Sunday, January 27, 2019

Emerg. Microbe & Inf: MERS Infection In Non-Camelid Domestic Mammals




















#13,815

It took roughly a year after the first human infection with MERS-CoV was announced out of Saudi Arabia for dromedary camels to be identified as a host species for the MERS coronavirus (see 2013's The Lancet Camels Found With Antibodies To MERS-CoV-Like Virus).
While bats are believed to be the primary host reservoir for MERS, SARS, and an array of other novel pathogens (see Curr. Opinion Virology: Viruses In Bats & Potential Spillover To Animals And Humans), the hunt continues for other susceptible species where these viruses may reside.
Complicating this search, the MERS virus doesn't appear to leave long lasting fingerprints - in the form of detectable antibodies - once the host clears the infection.  
In April of 2016, in EID Journal: Antibody Response & Disease Severity In HCW MERS Survivors, we looked at a study that tested 9 Health care workers who were infected during the 2014 Jeddah outbreak (2 severe pneumonia, 3 milder pneumonia, 1 URTI, and 3 asymptomatic), that found only those with severe pneumonia still carried detectable levels of antibodies 18 months later.
Similar waning antibody detection has been reported in camels, which means seroprevalence studies may not provide an accurate picture of how many people - or other species - have been infected with this coronavirus in the past.

Over the past 6 years we've seen a number of studies that have attempted to either detect antibodies in other domestic animal species - or alternatively, tried to experimentally infect them - in order to identify other potential host species.

While most of these studies have come up empty, in 2016's EID Journal: MERS-CoV Antibodies In Alpacas - Qatar, serum samples from 15 alpacas and 10 camels were tested for IgG antibodies specific to the MERS virus. MERS-CoV–specific antibodies were detected in all of the alpaca samples (n=15) and in all but 1 camel (n=9) tested.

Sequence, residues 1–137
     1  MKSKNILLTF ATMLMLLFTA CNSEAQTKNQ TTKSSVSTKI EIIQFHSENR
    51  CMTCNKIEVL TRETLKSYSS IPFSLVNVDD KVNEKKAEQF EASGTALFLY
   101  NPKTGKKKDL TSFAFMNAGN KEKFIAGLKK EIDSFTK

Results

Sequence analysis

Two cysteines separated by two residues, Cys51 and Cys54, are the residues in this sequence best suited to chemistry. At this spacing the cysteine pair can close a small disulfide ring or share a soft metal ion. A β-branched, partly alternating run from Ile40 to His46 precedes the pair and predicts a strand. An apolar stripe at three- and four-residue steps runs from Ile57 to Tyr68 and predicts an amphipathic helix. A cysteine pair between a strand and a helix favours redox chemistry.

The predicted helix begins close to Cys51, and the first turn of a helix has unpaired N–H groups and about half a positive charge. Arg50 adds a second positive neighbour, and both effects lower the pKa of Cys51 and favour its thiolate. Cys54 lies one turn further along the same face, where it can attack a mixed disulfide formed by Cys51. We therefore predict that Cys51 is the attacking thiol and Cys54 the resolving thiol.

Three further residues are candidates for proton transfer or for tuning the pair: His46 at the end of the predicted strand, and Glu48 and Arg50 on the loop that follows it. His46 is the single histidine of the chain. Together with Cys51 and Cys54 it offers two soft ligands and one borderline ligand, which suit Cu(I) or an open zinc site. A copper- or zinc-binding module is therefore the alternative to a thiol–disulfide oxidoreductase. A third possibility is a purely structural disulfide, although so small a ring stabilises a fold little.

No evidence of current MERS-CoV infection (via RT-PRC testing) was detected among either herd.
Alpacas are part of the same biological family (Camelidae) as dromedaries, so this finding opened the door to finding MERS susceptibility in other camelids, including Bactrian camels, llamas, vicuñas, and guanacos.

Later in 2016, in Study: Experimental Infection Of Goats, Sheep & Horses With MERS-CoV, we looked at a study that reassuringly found that:

Minimal or no virus shedding was detected in all of the animals. During the four weeks following inoculation, neutralizing antibodies were detected in the young goats, but not in sheep or horses.
Four months later, in December of 2016, in EID Journal: Livestock Susceptibility to Infection with MERS-CoV, researchers experimentally inoculated llamas, pigs, sheep, and horses with the MERS virus, and found that pigs & llamas both shed the virus from the nose, and seroconverted.
Given the susceptibility of pigs to other coronaviruses (see mBio: PEDV - Porcine Epidemic Diarrhea Virus - An Emerging Coronavirus and Swine Enteric Coronavirus Diseases), this understandably raised concerns.
A 2017 study (see EID Journal: Domestic Pig Unlikely Reservoir for MERS-CoV) confirmed that while pigs can be experimentally infected with the MERS virus, they did not develop clinical disease and only shed small quantities of the virus, making them unlikely to spread the disease.

All of which brings us to yet another study, which not only expands the range of domestic species tested to include cattle, sheep, goats, donkeys, buffaloes, mules, and horses - but also extended testing far beyond Saudi Arabia - to include Egypt, Tunisia, and Senegal.